124 THE 65 TH GRAMMYs
PHOTOGRAPH
BY JEFF STROUT

ELLIS MARSALIS RECORDING ACADEMY® LIFETIME ACHIEVEMENT

TRUSTEES AWARD JIM STEWART

A country music aficionado, fiddler and banker, Jim Stewart somehow became the unlikely incubator of Southern soul music.

Stewart was the founder of Memphis, Tennessee’s Satellite Records. That might not ring bells, but when a California

label of the same name sued, Stewart changed his company’s name to Stax, a label that would come to define the R&B sound of the South in the ’60s and early ’70s.

Like Motown, its contemporary soul-music competitor in Detroit, Stax was a self-contained unit with a stable of songwriters, a house band, and its own, unique sounding studio. Stewart built the label by investing in the amazing, racially integrated core of musicians, producers and executives with which he surrounded himself, and by turning that racially integrated core into a strength in the heart of a racially divided city.

Stewart initially launched Satellite in 1957 to record country and rockabilly sides. Soon, he was introduced to R&B by staff producer Chips Moman, who would later go on to found American Sound Studios and produce hits with Elvis Presley. Stewart said discovering Black music was “like a blind man who suddenly gained his sight.” From that point on, nearly all of Stax’s output was R&B, including major hits from its remarkable stable of artists, from Booker T. & the M.G.’s and Carla and Rufus Thomas, to Otis Redding, Sam & Dave, the Staples Singers, the Dramatics, and others. The label’s unique studio, a converted theater with its original sloped floor that gave recordings a thick, bass-heavy sound, helped create the gritty sound of Southern R&B.

Along the way, Stewart cultivated a legendary team, many of whom have been recognized by Recording Academy Lifetime Achievement or Trustees Awards themselves. Perhaps most notable was his sister and early investor Estelle Axton, a key figure in the company’s success. As the proprietor of the record shop attached to Stax’s studio, her love of music and interaction with the community of young music fans led to the discovery of nascent talent and kept the label’s finger on the pulse of the market. In addition, there was interracial house band Booker T. & the M.G.’s (primarily Booker T. Jones, Steve Cropper, Donald “Duck” Dunn, Lewie Steinberg, and Al Jackson Jr. Cropper would serve as a primary A&R man and songwriter); house writers Isaac Hayes and David Porter; the Memphis Horns (Wayne Jackson and Andrew Love); Al Bell, who would later head the Motown Records Group; and, of course, Moman.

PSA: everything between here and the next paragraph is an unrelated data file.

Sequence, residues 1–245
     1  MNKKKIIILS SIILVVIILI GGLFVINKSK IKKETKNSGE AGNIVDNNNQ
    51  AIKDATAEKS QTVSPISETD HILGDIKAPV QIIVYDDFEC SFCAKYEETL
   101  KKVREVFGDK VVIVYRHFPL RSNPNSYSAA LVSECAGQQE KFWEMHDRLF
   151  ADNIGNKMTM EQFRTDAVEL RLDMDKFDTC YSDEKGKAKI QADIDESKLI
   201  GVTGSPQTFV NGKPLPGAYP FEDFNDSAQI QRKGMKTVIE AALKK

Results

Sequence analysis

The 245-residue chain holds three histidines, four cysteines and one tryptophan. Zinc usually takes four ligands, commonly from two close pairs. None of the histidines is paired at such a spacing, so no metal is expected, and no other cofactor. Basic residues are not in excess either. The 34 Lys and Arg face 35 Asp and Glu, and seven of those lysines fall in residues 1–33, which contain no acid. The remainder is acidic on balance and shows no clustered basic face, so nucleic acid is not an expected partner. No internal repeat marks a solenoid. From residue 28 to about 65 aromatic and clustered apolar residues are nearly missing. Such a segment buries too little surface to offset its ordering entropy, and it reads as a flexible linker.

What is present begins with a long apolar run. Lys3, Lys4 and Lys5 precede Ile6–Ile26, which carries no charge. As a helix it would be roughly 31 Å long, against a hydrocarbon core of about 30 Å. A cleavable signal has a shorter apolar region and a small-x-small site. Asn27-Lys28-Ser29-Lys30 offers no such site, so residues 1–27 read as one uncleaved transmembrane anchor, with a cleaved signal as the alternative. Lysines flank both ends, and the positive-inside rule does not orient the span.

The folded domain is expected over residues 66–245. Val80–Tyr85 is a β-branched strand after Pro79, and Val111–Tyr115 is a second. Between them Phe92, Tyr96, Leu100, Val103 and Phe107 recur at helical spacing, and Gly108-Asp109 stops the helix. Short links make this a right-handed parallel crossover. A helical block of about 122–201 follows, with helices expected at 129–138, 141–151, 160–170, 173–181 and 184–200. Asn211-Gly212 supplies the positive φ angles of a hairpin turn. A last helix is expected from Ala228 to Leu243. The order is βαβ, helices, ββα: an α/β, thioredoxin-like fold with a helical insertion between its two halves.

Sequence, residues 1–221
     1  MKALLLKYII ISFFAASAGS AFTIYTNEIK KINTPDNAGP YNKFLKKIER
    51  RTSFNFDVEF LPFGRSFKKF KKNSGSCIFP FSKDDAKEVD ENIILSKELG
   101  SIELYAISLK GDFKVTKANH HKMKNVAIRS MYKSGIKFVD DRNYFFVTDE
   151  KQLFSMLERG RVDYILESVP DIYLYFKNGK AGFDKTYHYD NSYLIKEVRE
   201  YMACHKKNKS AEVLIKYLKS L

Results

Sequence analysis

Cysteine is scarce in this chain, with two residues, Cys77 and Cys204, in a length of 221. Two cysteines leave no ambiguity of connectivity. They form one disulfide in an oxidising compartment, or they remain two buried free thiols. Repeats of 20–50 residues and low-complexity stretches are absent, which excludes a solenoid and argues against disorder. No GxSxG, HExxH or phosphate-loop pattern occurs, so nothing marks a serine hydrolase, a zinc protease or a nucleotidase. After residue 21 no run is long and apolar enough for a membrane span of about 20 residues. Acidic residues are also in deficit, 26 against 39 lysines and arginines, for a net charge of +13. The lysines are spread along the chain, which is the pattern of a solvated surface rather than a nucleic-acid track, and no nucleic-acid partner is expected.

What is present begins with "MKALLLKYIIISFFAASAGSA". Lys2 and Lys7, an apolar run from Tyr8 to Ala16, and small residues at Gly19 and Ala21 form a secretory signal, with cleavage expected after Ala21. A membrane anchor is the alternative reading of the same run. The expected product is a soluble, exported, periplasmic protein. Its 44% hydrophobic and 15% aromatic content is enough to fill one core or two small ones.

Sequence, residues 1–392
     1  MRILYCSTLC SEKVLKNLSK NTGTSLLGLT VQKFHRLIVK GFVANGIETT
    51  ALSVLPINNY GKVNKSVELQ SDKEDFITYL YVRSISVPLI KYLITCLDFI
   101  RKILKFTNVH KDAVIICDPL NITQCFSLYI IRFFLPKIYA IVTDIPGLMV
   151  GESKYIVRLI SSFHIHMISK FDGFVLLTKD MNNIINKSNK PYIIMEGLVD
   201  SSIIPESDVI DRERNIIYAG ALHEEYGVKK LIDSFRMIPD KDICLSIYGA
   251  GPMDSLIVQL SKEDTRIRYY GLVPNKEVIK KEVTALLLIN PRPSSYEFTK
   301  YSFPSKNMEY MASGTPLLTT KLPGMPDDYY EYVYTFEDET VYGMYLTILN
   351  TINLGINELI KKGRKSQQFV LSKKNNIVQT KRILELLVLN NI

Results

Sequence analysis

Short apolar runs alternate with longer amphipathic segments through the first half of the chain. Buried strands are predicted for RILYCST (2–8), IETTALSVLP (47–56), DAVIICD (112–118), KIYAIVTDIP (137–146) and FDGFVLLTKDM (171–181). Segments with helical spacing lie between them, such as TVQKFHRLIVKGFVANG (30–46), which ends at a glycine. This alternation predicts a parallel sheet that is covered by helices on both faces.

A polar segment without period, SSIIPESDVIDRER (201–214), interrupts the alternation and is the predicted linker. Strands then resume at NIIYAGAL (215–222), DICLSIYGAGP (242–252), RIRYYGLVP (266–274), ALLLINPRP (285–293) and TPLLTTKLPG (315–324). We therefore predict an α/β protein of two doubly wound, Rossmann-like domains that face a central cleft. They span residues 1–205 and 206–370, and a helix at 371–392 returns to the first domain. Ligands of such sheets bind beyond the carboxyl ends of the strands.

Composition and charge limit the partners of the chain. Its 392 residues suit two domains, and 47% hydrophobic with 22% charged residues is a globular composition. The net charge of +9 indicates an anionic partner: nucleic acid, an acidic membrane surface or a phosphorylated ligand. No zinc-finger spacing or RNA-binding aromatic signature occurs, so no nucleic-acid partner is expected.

Like many small labels, Stax was obliged to turn to larger companies for distribution. It found a home in the early ’60s with the like-minded Atlantic Records, but when Atlantic was sold to Warner Brothers in the late ’60s, it began a cascade of financial issues that Stax ultimately couldn’t surmount. But by then, the legacy of this label that changed soul music, and the man who launched it, was firmly set.

126 THE 65 TH GRAMMYs
COURTESY STAX MUSEUM
CONCORD AND STAX RECORDS SALUTE JIM STEWART FEATURING: OTIS REDDING ISAAC HAYES RUFUS THOMAS CARLA THOMAS BOOKER T. & THE M.G.’S THE STAPLE SINGERS THE BAR-KAYS THE MAR-KEYS ALBERT KING JOHNNIE TAYLOR MABLE JOHN SAM & DAVE DAVID PORTER EDDIE FLOYD WILLIAM BELL LINDA LYNDELL SHIRLEY BROWN BETTYE CRUTCHER JEAN KNIGHT FREDERICK KNIGHT RUBY JOHNSON RANCE ALLEN THE MAD LADS THE EMOTIONS THE SOUL CHILDREN DELANEY & BONNIE MEL & TIM … AND MANY OTHERS! PHOTO: BILL CARRIER JR., COURTESY OF THE CONCORD API STAX COLLECTION 2023 RECORDING ACADEMY ® TRUSTEES AWARD RECIPIENT The unassuming visionary that founded and built Stax Records to produce the Memphis sound: state-of-the-heart, world-changing music.